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IED Kills Marine; Coalition, Iraqi Forces Kill al Qaeda Leader

American Forces Press Service

WASHINGTON, Sept. 27, 2005 – A Marine assigned to the 2nd Marine Division, 2nd Marine Expeditionary Force (Forward), was killed by an improvised explosive device Sept. 24 in Khalidiyah, Iraq, military officials reported today.

The Marine's name is being withheld pending notification of next of kin.

In other developments, Iraqi security and coalition forces killed the second-most-wanted al Qaeda terrorist in Iraq, Abdallah Najim Abdallah Muhammad al-Juwari, otherwise known as Abu Azzam, the al Qaeda in Iraq "emir of Baghdad," during an early morning raid Sept. 25 in Baghdad.

Abu Azzam was the operational commander for fugitive Jordanian terrorist Abu Musab al-Zarqawi's al Qaeda in Iraq network, and he was responsible for the upsurge in violent attacks in the city since April, officials said.

Multiple intelligence sources and corroborating information from a close associate of Abu Azzam led coalition and Iraqi security forces to the terrorist safe house where he was hiding. The mission was designed to capture him, but Abu Azzam fired on the forces, and their return fire killed him, officials said.

"We continue to decimate the leadership of the al Qaeda in Iraq terrorist network and continue to disrupt their operations," said Army Maj. Gen. Rick Lynch, Multinational Force Iraq spokesman. "By taking Abu Azzam off the street, another close associate of (Zarqawi, we have dealt another serious blow to Zarqawi's terrorist organization."

Abu Azzam had served as the terrorist emir of Anbar province for much of 2004 and led the largest group of al Qaeda in Iraq fighters in Fallujah during autumn 2004 until coalition forces defeated them during Operation Dawn. In spring 2005, he assumed the position of emir of Baghdad, in which he reportedly directed and controlled all terrorist activity and operations in and around the city.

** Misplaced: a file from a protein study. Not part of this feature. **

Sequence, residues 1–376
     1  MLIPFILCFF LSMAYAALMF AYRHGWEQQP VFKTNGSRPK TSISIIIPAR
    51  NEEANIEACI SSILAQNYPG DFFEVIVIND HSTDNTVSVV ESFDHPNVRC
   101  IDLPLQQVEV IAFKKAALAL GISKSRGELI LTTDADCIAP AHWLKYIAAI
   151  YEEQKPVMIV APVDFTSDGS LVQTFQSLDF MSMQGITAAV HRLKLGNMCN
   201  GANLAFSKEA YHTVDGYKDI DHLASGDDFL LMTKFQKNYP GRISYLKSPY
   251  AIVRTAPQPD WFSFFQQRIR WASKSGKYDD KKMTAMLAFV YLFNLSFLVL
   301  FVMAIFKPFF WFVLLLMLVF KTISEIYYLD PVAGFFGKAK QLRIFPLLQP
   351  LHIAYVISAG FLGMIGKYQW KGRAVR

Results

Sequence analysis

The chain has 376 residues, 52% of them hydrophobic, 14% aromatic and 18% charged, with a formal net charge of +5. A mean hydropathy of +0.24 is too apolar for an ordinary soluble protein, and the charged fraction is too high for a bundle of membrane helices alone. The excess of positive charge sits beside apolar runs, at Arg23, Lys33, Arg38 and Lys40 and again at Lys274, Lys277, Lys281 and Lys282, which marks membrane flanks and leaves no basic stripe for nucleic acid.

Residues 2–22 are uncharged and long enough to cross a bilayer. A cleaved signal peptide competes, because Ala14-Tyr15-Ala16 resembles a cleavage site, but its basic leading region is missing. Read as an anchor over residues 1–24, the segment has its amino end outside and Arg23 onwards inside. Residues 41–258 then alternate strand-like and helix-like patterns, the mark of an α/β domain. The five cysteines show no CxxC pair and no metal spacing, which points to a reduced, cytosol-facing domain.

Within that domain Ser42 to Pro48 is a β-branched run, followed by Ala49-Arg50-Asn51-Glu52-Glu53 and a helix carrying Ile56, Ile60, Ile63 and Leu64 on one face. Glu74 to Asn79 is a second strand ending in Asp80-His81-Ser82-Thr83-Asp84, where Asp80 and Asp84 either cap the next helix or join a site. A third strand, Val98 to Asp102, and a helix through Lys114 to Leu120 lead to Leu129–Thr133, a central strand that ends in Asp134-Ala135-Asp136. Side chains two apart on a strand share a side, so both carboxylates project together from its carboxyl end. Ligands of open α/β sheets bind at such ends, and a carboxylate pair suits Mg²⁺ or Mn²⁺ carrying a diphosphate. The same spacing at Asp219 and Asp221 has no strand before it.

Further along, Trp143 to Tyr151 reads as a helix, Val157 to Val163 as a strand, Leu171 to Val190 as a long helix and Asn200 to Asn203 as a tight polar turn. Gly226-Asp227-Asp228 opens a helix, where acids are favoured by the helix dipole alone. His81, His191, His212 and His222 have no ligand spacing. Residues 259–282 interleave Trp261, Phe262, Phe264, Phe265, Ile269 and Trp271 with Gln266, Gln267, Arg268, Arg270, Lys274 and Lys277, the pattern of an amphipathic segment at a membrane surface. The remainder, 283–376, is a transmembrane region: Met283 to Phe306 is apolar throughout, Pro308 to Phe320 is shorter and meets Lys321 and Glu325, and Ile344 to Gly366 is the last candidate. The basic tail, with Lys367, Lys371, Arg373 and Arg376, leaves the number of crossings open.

In other news from Iraq, Iraqi and coalition forces found and seized two weapons caches Sept. 26 west of Rawah. Troops from the 3rd Battalion, 1st Brigade, 1st Iraqi Intervention Force, were conducting a combined area reconnaissance mission with coalition forces when the caches were detected. The stashes were located within 600 meters of each other.

An inventory of the first cache produced 60 shotgun shells, five 40 mm grenades, 100 feet of detonation cord and a rifle magazine with ammunition. The second cache contained small arms ammunition, a rocket-propelled grenade, two spare rifle barrels, three AK-47 magazines and a gas mask. No injuries or damages were reported.

Elsewhere, Task Force Baghdad soldiers, acting on a tip from an Iraqi citizen, seized a weapons cache hidden in western Baghdad on Sept. 25.

Soldiers from Company B, 1st Battalion, 11th Armored Cavalry Regiment, discovered 85 mortar rounds, 14 rockets, two artillery rounds, and three mortar tubes. The cache also contained eight rocket-propelled-grenade launchers with 144 RPGs and 30 RPG chargers, three anti-tank weapons, 20 hand grenades, two machine guns, two assault rifles, 23 recoilless-rifle rounds, and 75 pounds of ammunition.

The patrol found bomb-making materials and 100 feet of detonation cord at the site as well. They secured the site to deny terrorists from returning and using the munitions in the future.

In the air war over Iraq, coalition aircraft flew 29 close-air-support and armed-reconnaissance sorties Sept. 26 for Operation Iraqi Freedom. These missions included support to coalition troops, infrastructure protection, reconstruction activities, and operations to deter and disrupt terrorist activities, officials said.

U.S. Air Force F-16s provided close air support to coalition troops near Miqdadiyah. Ten U.S. Air Force and U.S. Navy intelligence, surveillance and reconnaissance aircraft flew missions in support of operations in Iraq. British Royal Air Force fighter aircraft also performed in a nontraditional ISR role with their electro-optical and infrared sensors.

(Compiled from Multinational Force Iraq, Multinational Security Transition Command Iraq and U.S. Central Command Air Forces Forward news releases.)

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Related Sites:
Multinational Force Iraq
Multinational Security Transition Command Iraq
U.S. Central Command Air Forces


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